April 30, 2010
For the last year, the Utah Taxpayers Association has promoted a proposal to expand the school year from two to three semesters. By not leaving school buildings empty for that third semester, school districts could avoid having to build new buildings, and increase teacher pay by 50 percent without any tax increase.
Everyone loves the idea of paying teachers more, but generally they have a hard time understanding how the pay increase we tout can happen without a tax increase. Let me explain exactly how that works.
Because the Jordan School District’s financial plight prompted our review of this proposal, I’ll use Jordan as an example. However, the raw numbers matter less than the basic ratios, so the same math will apply as well in the Nebo or Ogden districts as it does in Jordan.
The Jordan School District has approximately 48,625 students distributed between seven high school prisms. (A high school prism is the high school and its feeder junior high, middle and elementary schools.) Because of the dramatic changes this proposal would require if implemented across an entire district in one fell swoop, this analysis assumes that a third-semester proposal is implemented one prism at a time, so that no teacher or parents feel forced into the third-semester option.
On average, the 267 teachers in each of the Jordan School District’s prisms currently teach two semesters to 6,946 students. However, 178 teachers could teach the same 6,946 students, if each of those teachers taught for three semesters. That would mean the district wouldn’t need as many teachers.
At first glance, that sounds like a recipe for laying off teachers. It’s not. Remember that teachers retire or otherwise stop teaching every year, so every school district hires scores of new teachers each year. The Jordan School District hires approximately 200 new teachers. Moving one high school prism to a third-semester program simply means the Jordan School District would only hire 111 new teachers.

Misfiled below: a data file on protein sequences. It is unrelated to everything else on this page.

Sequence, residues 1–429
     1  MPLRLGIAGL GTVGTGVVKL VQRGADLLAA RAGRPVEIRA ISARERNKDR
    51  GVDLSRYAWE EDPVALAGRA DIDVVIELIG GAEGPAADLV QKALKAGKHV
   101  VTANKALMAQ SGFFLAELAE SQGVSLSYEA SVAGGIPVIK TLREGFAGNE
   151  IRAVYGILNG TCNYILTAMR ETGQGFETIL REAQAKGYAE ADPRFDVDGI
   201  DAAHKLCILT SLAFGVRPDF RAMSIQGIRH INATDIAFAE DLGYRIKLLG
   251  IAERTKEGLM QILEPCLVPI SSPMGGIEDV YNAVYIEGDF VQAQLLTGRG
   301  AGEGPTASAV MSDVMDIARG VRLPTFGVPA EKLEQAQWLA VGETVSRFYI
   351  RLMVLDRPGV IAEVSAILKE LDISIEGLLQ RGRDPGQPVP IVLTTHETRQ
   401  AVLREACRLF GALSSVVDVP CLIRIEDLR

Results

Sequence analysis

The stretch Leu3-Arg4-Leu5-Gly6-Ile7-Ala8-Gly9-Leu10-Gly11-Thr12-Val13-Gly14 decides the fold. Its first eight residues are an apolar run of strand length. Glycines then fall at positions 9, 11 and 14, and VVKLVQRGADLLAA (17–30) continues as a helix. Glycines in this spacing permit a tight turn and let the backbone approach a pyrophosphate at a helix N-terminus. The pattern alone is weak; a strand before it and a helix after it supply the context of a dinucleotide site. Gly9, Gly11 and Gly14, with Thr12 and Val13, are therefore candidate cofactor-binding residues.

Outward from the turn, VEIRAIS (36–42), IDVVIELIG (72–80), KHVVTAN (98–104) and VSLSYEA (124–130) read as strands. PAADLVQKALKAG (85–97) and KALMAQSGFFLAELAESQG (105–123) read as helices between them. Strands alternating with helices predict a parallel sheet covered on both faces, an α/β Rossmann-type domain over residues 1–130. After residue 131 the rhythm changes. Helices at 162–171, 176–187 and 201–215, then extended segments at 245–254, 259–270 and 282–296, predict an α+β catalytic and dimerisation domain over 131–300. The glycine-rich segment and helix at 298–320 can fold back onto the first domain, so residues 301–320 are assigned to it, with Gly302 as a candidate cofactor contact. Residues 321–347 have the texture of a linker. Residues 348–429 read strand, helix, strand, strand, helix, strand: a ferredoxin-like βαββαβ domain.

If the 178 teachers in the third semester prism are still teaching 6,946 students, the district no longer has the costs associated with the 89 teachers who weren’t hired. The salaries the 89 teachers would have earned are instead spent on 50 percent pay increases for the 178 teachers teaching a third semester.
The benefits to teachers who opt into the third semester are even richer. While school districts pay teachers for the two semesters they teach, they buy their teachers’ health and dental insurance for a year. That means the district doesn’t have to spend on insurance what they would have spent for the 89 teachers who weren’t hired.
That savings is equal to about 40 teaching days for each teacher who opts into the third semester. This savings would allow the district to offer third-semester teachers three weeks, or 15 days of discretionary, paid vacation, plus 10 paid holidays.
It may come as a surprise, but teachers do not currently receive any paid holidays or paid vacations. In fact, teachers who take a day off have to pay for their substitute teacher out of their own pocket. These 25 days of paid vacation and holidays should go a long way towards mitigating the concern many people have voiced about teacher burnout associated with a third semester.
Even if the paid vacations and holidays alone do not stop the teacher burnout, the insurance savings offer other opportunities to help teachers. With the remaining 15 days, the district could pay for teacher training, and/or hire part-time administrative help to do the grunt work of data entry that so often burns teachers out.
Moving one prism to a third-semester program means every teacher who wants to continue teaching in the district could do so, whether the teacher prefers the higher pay of a three-semester program, or the free semester of a two-semester program.
And because this program is entirely voluntary, teachers from across the district would have the opportunity to opt into or out of the prism using a third-semester program.